One of the ironies of Lord Nelson’s famous “England Expects” signal before the Battle of Trafalgar, is the number of its recipients who were not English. Among his fleet that day some forty percent of the ratings were drawn from other nations. Many were Irish and plenty more came from Wales, North America or Scandinavia. Even aboard his flagship, the Victory, his crew included Swiss, Indians, Brazilians and four Frenchmen. On the quarterdecks of his ships the cultural mix was different, but no less surprising. Up to a third of the commissioned officers at Trafalgar were from Scotland. The 18th century Royal Navy attracted a large number of Scottish officers, many of whom rose to senior rank. Perhaps the most remarkable of these was Adam Duncan.
Duncan was born in Dundee, the second son of an aristocratic Scottish family. He joined the Royal Navy as a fifteen year old in 1746, rising to the rank of lieutenant by 1755. He was a striking man, who is said to have drawn crowds when he walked through the streets of Chatham as a young officer. He was six foot four inches tall (at a time when this was very unusual), was exceptionally handsome, known to be physically very strong with great personal charisma. During the early years of the Seven Years War he was involved in several actions, including the attack on the Basque Roads and the capture of the French island of Gorée in 1758. He was promoted to post captain, given command of the Valliant (74), and took part in several notable actions, including the capture of Havana in 1762. By the time of the American War of Independence Duncan was a trusted senior captain. He was given command of another ship of the line, the Monarch which he commanded during Rodney’s victory in the Moonlit Battle.
By the time that war broke out again with Revolutionary France, Duncan was an admiral, and in 1795 he was given command of the North Sea Fleet. One of his principal duties was to guard the Dutch fleet, which was now allied to France. In April 1797 the Royal Navy’s Channel Fleet mutinied over a variety of grievances, including pay, and this disorder spread to affect Duncan’s ships too. No sooner had this happened than he learnt that the Dutch were preparing to leave port. Duncan used his considerable personality to prevent mutiny breaking out on his flagship, the Venerable. He quickly identified and removed the six ringleaders, and then persuaded the rest of the crew to stay loyal. He then had himself rowed across to the nearby Adamant, and personally confronted the leaders of the mutiny there, holding one of them over the side with one arm, whilst addressing the crew. But he was not able to prevent the rest of his fleet from joining the mutiny, so he raised anchor and went to sea with his flagship and the Adamant.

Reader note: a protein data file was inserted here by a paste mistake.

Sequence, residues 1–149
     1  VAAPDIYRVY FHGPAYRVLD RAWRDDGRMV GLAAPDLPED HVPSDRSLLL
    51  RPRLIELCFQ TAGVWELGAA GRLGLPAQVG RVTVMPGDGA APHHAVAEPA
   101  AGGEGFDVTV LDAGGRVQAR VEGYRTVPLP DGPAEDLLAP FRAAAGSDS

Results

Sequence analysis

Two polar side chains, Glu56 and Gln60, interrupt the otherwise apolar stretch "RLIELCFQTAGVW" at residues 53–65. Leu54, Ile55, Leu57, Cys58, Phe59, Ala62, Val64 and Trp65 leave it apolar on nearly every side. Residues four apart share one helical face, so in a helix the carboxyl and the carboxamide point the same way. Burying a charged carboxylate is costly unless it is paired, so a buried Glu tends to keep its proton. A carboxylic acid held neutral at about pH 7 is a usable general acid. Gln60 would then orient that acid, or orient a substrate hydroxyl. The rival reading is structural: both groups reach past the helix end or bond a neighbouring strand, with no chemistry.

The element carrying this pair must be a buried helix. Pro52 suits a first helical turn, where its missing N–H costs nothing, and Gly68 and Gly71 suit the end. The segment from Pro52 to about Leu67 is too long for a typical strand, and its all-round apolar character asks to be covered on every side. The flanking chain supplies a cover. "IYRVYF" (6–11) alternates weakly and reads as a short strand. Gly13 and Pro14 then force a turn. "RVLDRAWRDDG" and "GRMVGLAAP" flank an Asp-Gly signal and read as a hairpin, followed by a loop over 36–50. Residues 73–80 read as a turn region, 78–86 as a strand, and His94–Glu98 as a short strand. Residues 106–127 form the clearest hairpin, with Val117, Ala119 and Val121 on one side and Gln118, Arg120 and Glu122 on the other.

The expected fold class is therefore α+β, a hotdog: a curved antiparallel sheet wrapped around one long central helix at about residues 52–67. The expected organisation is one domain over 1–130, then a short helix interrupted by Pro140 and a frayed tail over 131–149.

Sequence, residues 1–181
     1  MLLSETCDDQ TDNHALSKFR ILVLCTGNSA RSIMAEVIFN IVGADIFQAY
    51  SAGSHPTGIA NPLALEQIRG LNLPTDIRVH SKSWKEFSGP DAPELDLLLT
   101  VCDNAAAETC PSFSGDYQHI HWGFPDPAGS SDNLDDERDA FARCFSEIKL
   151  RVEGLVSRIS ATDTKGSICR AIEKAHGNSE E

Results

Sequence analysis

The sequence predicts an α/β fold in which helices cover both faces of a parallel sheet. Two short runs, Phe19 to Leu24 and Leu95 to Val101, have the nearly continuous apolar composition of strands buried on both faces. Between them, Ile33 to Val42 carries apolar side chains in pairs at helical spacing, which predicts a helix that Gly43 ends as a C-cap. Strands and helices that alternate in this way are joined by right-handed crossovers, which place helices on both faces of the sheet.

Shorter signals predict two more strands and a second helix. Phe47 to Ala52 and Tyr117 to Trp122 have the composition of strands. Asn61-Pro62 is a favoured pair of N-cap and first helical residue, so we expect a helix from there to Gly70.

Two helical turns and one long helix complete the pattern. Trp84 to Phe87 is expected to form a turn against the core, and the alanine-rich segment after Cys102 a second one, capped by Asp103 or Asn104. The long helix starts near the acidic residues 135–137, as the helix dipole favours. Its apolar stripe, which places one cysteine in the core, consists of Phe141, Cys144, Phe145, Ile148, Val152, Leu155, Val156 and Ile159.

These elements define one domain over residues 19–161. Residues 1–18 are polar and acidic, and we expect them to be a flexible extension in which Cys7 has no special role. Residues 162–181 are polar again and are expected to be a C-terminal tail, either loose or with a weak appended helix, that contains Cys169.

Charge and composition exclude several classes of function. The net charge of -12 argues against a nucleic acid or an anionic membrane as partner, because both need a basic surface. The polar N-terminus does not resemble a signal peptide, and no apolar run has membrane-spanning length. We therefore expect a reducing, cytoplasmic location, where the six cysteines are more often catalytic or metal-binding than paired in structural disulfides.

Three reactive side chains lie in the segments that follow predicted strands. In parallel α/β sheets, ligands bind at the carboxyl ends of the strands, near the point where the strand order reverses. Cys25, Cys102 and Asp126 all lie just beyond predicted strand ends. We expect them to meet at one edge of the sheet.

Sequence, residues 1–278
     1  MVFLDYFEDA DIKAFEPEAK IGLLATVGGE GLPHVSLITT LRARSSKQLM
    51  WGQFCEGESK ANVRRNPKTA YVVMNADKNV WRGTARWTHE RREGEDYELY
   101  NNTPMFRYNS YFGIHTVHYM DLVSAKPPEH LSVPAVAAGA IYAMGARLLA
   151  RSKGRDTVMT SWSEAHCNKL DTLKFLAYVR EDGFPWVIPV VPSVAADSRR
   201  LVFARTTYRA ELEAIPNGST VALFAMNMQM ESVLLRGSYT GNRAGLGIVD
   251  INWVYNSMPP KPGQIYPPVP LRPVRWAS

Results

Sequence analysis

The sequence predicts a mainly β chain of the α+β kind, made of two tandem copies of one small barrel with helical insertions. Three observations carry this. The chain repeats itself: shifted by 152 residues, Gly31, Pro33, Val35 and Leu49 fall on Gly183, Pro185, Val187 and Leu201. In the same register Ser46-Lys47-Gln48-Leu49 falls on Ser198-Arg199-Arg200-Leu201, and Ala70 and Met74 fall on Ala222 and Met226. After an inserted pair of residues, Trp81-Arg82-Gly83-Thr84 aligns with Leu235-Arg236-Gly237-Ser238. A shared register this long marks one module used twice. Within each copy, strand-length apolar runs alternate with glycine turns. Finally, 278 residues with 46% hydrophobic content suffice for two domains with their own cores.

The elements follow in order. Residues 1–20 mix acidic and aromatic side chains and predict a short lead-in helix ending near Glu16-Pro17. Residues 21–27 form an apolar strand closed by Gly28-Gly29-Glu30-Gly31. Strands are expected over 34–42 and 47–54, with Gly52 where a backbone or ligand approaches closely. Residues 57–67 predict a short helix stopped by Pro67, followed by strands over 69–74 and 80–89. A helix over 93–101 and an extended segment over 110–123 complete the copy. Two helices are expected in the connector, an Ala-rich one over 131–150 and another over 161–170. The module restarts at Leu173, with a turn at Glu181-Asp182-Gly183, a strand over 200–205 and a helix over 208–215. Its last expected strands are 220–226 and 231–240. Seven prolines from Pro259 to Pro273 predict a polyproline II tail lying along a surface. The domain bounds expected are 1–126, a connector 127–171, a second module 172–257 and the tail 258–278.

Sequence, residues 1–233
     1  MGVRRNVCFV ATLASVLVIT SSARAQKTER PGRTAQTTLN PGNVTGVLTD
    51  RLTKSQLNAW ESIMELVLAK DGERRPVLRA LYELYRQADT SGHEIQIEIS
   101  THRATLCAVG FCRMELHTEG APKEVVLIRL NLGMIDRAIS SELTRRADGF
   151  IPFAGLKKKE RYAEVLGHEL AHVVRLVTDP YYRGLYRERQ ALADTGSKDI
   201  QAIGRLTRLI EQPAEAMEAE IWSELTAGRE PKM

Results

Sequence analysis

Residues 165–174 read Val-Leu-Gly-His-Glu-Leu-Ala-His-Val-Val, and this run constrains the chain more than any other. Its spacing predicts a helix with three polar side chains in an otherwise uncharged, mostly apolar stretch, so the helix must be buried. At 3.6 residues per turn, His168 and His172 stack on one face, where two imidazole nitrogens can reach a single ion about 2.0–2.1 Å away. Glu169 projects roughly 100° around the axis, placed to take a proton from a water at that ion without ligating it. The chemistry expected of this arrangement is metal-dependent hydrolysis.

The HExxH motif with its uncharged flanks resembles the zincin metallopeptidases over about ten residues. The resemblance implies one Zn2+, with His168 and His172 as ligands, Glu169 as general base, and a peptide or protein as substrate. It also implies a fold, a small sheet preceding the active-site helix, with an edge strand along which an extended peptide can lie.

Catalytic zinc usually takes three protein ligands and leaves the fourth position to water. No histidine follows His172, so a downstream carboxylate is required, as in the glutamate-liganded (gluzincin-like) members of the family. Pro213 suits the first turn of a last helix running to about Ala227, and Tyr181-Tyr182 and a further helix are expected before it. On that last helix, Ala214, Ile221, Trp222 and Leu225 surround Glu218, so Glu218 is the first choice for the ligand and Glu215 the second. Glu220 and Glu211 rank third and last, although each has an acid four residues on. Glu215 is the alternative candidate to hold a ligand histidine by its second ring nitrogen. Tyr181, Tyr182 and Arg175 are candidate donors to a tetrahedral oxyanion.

All through that long summer Duncan played an extraordinary game of deception with the Dutch fleet, sailing up and down outside their main base at the Texel, and signalling to a non-existent fleet just over the horizon. The Dutch could have come out and overwhelmed the Venerable and Adamant at any stage, but Duncan’s ruse worked. They remained at anchor until October, by which time the mutiny had been resolved, and Duncan had control over his ships once more.
The fleets met on the 11th of October seven miles out from the little coastal village of Camperdown. Duncan fought the battle with typical courage and determination, ordering his ships to break through the enemy battle line so as to get between them and their home base. The Dutch, under Vice-Admiral Jan de Winter, fought with great courage and stubbornness, and the Battle of Camperdown was one of the Royal Navy’s hardest victories. Casualties were high on both sides, but Duncan prevailed, capturing seven of de Winter’s eleven ships of the line, including his flagship.
The news of the Scotsman’s victory was received with jubilation at home, not least because it showed that formerly mutinous ships would still fight the enemy. He was made a peer, given a large pension, and received the freedom of several cities, including Dundee and London. He continued in command of the North Sea Fleet until 1801, when at the age of seventy he stepped down, and he died three years later.